Report Urges U.S. to Cooperate with Colombian Drug-Lord Probe
A new Berkeley Law report asserts that Colombian paramilitary leaders extradited to the United States on drug-related charges must be held accountable for their role in mass atrocities and corruption in that country.
Written by International Human Rights Law Clinic students Noah Smith ’10 and Gretchen Gordon ’11, the report—Truth Behind Bars: Colombian Paramilitary Leaders in U.S. Custody—calls for the U.S. to cooperate with Colombia's criminal investigations by providing access to those extradited.
Defendants in U.S. custody include 30 commanders of Colombia’s strongest paramilitary group, which developed a drug-trafficking network that massacred, forcibly disappeared, and tortured thousands of civilians, according to Colombian law enforcement. Before being extradited, the commanders had begun to reveal information about these and other crimes as part of a program that offered legal leniency and public benefits in exchange for an agreement to disarm, forfeit assets, and confess.
Their testimony revealed details of mass atrocities, political corruption, rigged elections, and collusion with elected and military officials that prompted criminal investigations of high-level Colombian politicians. But the report notes that the paramilitary leaders’ cooperation with Colombian investigators has effectively stopped since their extradition to the U.S., and that Colombian prosecutors and judges have limited access to defendants in U.S. custody.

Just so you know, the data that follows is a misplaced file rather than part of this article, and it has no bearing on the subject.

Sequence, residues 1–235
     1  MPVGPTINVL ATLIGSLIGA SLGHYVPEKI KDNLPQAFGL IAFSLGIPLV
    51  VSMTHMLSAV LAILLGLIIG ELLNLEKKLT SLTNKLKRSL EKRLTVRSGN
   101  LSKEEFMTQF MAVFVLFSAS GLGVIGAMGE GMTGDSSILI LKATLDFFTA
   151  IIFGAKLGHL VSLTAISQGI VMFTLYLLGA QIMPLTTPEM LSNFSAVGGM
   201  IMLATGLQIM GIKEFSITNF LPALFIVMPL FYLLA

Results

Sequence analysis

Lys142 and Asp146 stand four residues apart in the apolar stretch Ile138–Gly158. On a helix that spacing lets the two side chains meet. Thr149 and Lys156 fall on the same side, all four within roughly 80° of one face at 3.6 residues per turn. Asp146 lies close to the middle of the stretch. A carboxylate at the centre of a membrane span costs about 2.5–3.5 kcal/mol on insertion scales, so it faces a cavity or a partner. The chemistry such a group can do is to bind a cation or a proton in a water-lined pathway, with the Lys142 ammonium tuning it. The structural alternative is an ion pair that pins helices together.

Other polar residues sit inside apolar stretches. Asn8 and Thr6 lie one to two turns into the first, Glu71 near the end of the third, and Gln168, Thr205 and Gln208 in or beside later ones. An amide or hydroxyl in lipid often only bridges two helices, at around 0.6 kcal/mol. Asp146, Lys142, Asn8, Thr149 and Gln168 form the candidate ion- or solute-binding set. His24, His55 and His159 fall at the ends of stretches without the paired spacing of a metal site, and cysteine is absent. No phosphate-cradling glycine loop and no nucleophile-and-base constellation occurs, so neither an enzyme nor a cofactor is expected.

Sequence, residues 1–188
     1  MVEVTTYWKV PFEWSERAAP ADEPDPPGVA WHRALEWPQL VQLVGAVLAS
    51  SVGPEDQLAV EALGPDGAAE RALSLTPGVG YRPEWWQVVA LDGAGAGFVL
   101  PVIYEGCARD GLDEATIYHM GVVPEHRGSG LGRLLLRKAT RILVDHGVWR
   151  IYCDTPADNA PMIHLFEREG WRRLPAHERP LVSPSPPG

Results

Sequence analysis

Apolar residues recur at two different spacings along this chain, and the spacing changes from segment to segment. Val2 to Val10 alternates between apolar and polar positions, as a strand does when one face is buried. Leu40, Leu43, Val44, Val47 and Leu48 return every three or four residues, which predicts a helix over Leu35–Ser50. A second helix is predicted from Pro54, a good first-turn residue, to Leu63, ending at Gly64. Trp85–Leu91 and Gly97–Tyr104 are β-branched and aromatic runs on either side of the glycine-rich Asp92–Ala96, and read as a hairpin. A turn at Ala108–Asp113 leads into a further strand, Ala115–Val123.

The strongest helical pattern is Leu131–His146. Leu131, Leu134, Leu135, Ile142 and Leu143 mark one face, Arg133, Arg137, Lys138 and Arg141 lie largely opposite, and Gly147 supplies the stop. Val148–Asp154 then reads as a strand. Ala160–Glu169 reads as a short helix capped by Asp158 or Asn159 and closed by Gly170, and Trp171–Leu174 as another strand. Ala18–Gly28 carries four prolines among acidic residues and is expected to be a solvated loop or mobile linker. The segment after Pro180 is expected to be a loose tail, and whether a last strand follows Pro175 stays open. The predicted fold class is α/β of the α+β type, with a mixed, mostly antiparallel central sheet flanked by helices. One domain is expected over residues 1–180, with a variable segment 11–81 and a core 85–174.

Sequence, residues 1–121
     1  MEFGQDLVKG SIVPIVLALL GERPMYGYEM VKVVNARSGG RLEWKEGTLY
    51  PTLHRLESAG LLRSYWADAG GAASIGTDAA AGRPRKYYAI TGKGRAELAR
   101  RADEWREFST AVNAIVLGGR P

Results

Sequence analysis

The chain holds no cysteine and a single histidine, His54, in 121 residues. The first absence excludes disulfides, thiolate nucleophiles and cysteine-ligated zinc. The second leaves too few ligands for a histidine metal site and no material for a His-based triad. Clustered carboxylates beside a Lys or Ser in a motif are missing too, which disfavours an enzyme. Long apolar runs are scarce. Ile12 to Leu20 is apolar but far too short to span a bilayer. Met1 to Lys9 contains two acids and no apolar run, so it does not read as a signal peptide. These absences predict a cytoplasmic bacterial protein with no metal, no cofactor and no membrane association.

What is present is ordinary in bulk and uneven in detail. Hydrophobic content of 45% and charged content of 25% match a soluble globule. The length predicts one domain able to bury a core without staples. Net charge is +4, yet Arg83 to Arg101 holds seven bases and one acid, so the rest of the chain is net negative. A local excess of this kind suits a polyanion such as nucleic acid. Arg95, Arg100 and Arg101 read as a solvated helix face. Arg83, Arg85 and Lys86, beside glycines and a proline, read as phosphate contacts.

Frustrated by the blocked investigations, Colombia’s Supreme Court has halted future extraditions of demobilized paramilitaries to the United States—undermining U.S. counternarcotics efforts. More information about the report, which recommends several changes to U.S. practices regarding criminal prosecutions of the extradited paramilitary leaders, is available here.2/16/2010